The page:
New Study Links Pesticides to ADHD in Children

New Study Links Pesticides to ADHD in Children

Cambria Bold
May 18, 2010

A new study shows that pesticides on fruits and vegetables could boost the chances that children will be diagnosed with attention deficit hyperactivity disorder, or ADHD.

The study was conducted by researchers at the University of Montreal in Quebec and Harvard University, and recently published in Pediatrics, the official journal of the American Academy of Pediatrics. It found that in the 1,100 children whose urine was tested for pesticide residue, particularly from the widely used insecticide malathion, children with higher-than-average levels of pesticide residue were nearly twice as likely to be diagnosed with ADHD as children who showed no traces of pesticide.

The take-home message for parents according to Maryse F. Bouchard, one of the lead authors of the study and a researcher at the University of Montreal, is to "buy organic as much as possible... I would also recommend washing fruits and vegetables as much as possible."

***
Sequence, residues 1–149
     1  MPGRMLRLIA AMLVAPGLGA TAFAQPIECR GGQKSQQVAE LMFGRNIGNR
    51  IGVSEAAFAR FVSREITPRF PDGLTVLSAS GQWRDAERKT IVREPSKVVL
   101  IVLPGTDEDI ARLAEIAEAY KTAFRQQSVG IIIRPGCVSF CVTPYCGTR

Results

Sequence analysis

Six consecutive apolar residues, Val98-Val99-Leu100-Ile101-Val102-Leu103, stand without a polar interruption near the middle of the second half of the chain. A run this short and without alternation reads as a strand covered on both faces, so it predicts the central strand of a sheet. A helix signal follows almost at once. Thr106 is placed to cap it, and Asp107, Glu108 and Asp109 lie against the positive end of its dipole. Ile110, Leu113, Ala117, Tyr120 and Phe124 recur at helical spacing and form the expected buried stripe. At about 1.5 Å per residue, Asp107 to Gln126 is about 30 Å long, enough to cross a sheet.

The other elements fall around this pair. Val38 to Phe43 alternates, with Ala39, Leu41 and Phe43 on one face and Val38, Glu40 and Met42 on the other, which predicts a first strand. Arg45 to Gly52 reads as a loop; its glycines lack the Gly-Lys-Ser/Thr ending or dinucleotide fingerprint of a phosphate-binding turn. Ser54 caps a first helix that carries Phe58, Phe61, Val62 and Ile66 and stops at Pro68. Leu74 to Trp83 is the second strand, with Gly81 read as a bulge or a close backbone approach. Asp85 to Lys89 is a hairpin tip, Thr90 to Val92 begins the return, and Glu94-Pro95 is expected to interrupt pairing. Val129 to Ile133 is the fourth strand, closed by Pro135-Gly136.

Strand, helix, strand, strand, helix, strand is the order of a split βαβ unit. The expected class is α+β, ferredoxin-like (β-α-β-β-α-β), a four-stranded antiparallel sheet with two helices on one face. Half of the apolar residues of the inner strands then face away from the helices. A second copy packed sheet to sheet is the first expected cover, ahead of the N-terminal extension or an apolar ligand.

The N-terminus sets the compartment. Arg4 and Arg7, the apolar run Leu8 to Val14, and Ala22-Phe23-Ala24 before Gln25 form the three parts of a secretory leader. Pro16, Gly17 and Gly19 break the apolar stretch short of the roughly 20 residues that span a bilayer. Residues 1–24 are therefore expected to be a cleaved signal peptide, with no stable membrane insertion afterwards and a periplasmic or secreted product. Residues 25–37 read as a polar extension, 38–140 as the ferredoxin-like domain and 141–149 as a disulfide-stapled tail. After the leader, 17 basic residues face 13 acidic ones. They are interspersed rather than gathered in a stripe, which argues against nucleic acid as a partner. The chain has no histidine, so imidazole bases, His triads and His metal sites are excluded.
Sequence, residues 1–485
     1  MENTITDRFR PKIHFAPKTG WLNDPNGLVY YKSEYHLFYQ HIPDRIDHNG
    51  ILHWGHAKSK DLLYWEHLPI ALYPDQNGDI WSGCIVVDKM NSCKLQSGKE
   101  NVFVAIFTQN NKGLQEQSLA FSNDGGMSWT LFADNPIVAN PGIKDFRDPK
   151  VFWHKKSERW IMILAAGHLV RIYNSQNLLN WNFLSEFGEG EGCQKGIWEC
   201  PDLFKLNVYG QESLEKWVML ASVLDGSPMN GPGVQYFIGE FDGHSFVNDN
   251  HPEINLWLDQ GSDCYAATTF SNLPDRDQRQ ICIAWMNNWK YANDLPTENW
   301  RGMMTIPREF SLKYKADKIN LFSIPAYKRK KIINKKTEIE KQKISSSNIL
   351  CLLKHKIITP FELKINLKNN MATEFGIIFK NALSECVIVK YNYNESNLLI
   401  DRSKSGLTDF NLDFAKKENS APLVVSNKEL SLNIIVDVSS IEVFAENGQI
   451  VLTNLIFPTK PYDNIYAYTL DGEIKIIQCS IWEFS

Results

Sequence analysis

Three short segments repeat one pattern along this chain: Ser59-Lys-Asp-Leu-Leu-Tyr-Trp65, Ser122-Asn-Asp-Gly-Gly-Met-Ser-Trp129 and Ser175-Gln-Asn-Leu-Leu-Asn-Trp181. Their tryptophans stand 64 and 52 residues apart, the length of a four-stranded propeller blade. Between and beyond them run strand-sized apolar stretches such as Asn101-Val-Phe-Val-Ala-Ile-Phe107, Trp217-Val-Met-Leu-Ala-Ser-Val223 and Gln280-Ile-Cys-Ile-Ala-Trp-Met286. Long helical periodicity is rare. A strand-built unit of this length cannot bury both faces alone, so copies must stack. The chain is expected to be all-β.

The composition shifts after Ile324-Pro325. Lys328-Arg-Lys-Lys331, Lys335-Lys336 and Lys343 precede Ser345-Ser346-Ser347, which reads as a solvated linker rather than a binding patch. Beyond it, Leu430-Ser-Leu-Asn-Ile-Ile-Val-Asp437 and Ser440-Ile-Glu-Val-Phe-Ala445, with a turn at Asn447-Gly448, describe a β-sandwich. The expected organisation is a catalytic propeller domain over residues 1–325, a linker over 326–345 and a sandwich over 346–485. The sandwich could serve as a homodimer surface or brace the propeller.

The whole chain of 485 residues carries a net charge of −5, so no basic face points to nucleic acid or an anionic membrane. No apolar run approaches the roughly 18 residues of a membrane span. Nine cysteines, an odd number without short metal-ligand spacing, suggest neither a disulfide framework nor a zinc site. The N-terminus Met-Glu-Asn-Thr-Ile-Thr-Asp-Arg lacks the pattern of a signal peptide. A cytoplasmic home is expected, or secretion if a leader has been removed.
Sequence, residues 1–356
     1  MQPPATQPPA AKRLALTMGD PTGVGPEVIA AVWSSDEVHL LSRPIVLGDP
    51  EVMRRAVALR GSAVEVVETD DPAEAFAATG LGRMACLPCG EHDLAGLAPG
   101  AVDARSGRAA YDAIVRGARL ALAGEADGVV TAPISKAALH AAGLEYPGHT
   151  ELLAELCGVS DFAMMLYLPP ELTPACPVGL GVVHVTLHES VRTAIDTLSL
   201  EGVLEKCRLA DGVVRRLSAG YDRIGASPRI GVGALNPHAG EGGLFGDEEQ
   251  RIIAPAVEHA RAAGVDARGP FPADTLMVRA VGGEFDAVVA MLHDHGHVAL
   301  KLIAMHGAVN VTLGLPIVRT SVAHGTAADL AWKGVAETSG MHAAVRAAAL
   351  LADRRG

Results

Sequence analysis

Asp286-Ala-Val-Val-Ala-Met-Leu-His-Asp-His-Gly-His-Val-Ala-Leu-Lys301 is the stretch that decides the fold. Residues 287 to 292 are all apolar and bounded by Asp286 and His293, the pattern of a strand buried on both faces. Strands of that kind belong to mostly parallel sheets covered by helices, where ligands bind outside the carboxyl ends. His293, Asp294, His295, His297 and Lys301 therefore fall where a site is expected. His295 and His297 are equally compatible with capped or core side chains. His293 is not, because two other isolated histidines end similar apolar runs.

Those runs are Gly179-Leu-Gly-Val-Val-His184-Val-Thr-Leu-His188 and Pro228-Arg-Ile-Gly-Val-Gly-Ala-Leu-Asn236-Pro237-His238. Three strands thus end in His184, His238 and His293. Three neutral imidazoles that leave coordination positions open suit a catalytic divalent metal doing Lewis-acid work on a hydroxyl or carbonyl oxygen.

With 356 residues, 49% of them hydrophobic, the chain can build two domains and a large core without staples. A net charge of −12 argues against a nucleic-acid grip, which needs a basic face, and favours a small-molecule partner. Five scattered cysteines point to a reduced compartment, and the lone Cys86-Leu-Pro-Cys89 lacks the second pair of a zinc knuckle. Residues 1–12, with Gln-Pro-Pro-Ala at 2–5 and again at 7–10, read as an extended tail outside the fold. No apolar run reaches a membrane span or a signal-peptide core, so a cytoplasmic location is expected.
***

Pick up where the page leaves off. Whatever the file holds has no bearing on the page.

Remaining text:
Food and diet is a major source of pesticide exposure in children and adults. The best way to avoid pesticide exposure is to make sure to buy organic for the Dirty Dozen, or a list of the fruits and vegetables that are grown with high pesticide usage:

When Should You Buy Organic? The Dirty Dozen
The New Dirty Dozen (And Clean 15)

** View the full list from the Environmental Working Group here!

For More Reading:
Attention-Deficit/Hyperactivity Disorder and Urinary Metabolites of Organophosphate Pesticides, published online May 17, 2010 in Pediatrics
Pesticides in Kids Linked to ADHD, from MSNBC
Study Links Pesticides to ADHD, from The Daily Green

(Image: Pinch My Salt)

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